Cecil Lewis


During the early years of the war Cecil Lewis came to Booker as an instructor. Cecil, who wrote ‘Sagittarius Rising’ about his flying experiences in the 1914/18 war, lived at Frieth, half a mile from where Ann and I lived, but apart from this our lives came together in a somewhat dramatic way. Apart from my flying duties I had taken on the job of entertainments officer and Cecil loved producing sketches. I got to know him well and he chose me for some of the more exciting flying duties he was also involved in. One must remember that there were moments in the war when the possibility of stuka attacks were quite likely and the powers-that-be decided a simulated attack by our own home-based aircraft would not do the citizens of Marlow any harm A programme was arranged by Cecil who asked me to accompany him in another Tiger Moth. The proceedings started by a ‘bomb’ dropped by me at 8.30 am on the Pedestal at West Wycombe. I did this exactly on time to complete silence. I expect the fellow with the matches was still asleep! Half an hour later Cecil and I found the RP post in Marlow – at Quoiting Square – and by repeated dives almost down to ground level, we quickly cleared it. I flew as his ‘inside left’ position with my wingtip only a few feet from his fuselage. We then flew up the High Street at dangerously low level before flying close to Henley and then back up the river with our tailskids inches from the water. Then came a moment I will never forget.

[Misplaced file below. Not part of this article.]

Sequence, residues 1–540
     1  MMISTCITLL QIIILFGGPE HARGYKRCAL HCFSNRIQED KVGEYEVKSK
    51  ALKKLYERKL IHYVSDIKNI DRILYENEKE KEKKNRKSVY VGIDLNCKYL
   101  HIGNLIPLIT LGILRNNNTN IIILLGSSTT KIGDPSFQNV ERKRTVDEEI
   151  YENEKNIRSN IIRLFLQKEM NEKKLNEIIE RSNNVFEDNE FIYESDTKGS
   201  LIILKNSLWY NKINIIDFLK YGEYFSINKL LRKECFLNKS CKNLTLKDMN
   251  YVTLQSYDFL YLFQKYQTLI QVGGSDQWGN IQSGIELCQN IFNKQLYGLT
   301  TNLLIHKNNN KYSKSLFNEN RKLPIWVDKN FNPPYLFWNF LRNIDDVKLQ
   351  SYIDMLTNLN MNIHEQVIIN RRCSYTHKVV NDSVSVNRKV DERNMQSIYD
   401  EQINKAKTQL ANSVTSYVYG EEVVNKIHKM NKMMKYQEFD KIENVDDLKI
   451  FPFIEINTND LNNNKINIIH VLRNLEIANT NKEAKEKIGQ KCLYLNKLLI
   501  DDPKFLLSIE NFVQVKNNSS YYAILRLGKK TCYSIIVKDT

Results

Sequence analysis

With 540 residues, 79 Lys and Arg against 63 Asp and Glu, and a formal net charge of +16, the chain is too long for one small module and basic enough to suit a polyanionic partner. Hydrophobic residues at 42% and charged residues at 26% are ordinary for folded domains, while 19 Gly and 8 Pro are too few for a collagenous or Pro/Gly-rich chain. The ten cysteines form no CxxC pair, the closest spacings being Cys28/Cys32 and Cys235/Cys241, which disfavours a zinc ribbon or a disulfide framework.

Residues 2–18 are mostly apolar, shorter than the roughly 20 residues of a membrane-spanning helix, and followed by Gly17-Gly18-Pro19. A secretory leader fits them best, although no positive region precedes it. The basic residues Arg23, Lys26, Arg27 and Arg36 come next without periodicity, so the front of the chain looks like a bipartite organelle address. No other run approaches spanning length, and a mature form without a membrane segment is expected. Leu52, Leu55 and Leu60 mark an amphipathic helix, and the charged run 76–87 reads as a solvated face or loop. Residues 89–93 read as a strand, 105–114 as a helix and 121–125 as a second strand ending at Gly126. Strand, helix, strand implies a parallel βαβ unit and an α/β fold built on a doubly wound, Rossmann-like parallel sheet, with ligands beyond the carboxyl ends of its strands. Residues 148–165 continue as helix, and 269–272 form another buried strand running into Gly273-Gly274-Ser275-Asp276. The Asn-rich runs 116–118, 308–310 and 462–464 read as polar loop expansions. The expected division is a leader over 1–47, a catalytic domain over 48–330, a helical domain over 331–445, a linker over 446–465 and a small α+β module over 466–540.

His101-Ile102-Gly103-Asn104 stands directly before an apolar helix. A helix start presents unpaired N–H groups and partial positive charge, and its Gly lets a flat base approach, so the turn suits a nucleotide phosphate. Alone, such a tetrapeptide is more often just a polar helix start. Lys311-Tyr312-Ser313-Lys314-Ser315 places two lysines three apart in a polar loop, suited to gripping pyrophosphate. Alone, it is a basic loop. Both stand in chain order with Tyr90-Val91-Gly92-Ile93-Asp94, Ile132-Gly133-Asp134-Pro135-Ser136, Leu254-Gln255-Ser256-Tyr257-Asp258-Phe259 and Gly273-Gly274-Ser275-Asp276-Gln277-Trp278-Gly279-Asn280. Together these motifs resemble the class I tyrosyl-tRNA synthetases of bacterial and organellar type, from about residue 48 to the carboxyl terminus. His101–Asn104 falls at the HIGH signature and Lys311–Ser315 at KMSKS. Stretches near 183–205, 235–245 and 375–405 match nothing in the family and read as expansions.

Would Cecil or would he not fly under Marlow bridge? We had no radio in those days but I had decided to keep close to Cecil’s Tiger and we approached the bridge as almost one unit (there was another Tiger Moth in our dive-bombing unit – a F/LT Shepherd – but he had remained well outside to the right throughout). Just short of the bridge Cecil pulled up in a climbing turn to the left and we then faced the church spire: Cecil went to the right of this, but I could see there was just no room for me between Cecil and the spire and I pulled away and went to the left of it. But it was far too close to have been planned. I thought then, and still think over sixty years later, that Cecil had forgotten that I was tucked under his left wing as it were. He preferred not to talk about it afterwards. But I never let him forget it.

To this day I still look at that magnificent church and its spire with especial affection whenever I am in Marlow.

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